The House of Representatives on Wednesday approved of an overhaul of the US tax code, sending reforms that will overwhelmingly benefit corporations and the wealthy to President Trump’s desk for signature.
It was the final congressional hurdle for a piece of legislation that is unpopular with the American people, and defies the GOP’s stated concerns about fiscal responsibility, by adding an additional $1.4 trillion of red ink to the national debt.
“Nobody knows the answer to that question because that’s in the future,” Ryan said Wednesday when asked on NBC’s The Today Show about whether or not the tax cut would pay for itself—a dogma of right-wing economic thought.
Passage of the legislation comes one day after the chamber first approved of the measure. The House had to revote on the package on Wednesday after the Senate made changes before approving it on Tuesday.
The final tally was 224-201, with every single Democrat and a dozen Republicans dissenting.
A raft of provisions in the bill would disproportionately send benefits to rich Americans. The corporate tax rate is reduced from 35 percent to 21 percent. The top individual tax bracket will see its rate dropped from 39.6 percent to 37 percent. The bill would also shield groups of millionaire heirs from paying estate taxes.
Individuals on the lower end of the income spectrum would also see their income taxes reduced, although unlike the corporate tax cuts, which are permanent, the individual reductions expire in 2027, and would then result in a tax increase on most Americans.
Included in the final measure sent to the President is a repeal of the Affordable Care Act’s individual mandate. A major mechanism of the Obama-era health reform law, the mandate insured that healthier people would help share the costs associated with providing non-discriminatory health insurance to sick Americans.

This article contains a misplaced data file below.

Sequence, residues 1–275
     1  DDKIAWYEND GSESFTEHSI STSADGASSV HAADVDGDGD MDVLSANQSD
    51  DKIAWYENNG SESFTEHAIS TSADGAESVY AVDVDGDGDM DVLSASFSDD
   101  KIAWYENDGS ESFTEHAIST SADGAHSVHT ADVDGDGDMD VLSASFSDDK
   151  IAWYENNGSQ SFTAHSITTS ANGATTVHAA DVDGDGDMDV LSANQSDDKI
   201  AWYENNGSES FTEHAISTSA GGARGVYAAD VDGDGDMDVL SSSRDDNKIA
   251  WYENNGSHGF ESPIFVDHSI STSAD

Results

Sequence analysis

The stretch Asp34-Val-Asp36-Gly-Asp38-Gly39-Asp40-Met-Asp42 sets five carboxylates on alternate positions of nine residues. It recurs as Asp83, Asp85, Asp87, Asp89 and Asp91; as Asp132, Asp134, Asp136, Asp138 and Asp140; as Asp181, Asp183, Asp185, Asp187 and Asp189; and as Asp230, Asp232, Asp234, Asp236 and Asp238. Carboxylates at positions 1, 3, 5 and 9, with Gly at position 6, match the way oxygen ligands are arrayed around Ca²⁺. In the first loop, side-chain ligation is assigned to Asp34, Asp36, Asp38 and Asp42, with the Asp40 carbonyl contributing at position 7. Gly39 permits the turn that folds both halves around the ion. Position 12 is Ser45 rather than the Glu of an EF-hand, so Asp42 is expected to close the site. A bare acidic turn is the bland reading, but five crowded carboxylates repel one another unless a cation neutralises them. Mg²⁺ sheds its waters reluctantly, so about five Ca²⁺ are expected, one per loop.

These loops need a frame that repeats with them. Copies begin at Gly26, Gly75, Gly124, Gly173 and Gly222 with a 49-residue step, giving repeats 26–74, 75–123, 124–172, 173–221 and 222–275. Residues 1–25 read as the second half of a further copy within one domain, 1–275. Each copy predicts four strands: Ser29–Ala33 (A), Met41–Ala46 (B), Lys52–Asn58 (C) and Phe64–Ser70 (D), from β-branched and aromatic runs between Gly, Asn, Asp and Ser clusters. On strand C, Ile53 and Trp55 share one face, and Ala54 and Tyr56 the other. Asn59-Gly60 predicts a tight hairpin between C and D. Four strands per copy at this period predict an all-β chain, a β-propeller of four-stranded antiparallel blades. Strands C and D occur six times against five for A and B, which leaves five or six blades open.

Repealing the mandate is projected to cause heath insurance premiums to jump 10 percent across the board, according to the CBO.
During a cabinet meeting Wednesday morning, President Trump cited the mandate’s elimination as proof that Republicans had finally taken care of Obamacare.
“We have essentially repealed Obamacare,” he claimed. “When the individual mandate is being repealed that means Obamacare is being repealed.”
Trump went on to praise broader tax reform efforts, claiming: “We had a historic victory for the American people.”
Then, in bizarre scene for am official cabinet meeting, Trump turned it over to his Secretary of Housing and Urban Development Ben Carson to recite a prayer.
“We thank you for the President and cabinet member who are courageous, who are willing to face the winds of controversy in order to provide a better future for those who come behind us,” Carson began.
At the behest of President Trump, Congressional Republican prioritized passage of their corporate tax cut bill to get it done before Christmas, leaving issues like funding of the government and the reauthorization of the Children’s Health Insurance Program (CHIP) unaddressed.
CHIP expired at the end of September, leaving states to burn through reserve funding in the program to continue providing health insurance assistance to poor and working class Americans.
Sixteen states are expected to run out of CHIP funding by the end of January.
The federal government, meanwhile, is scheduled to run out of money Friday at midnight unless Congress can strike a deal on another spending measure.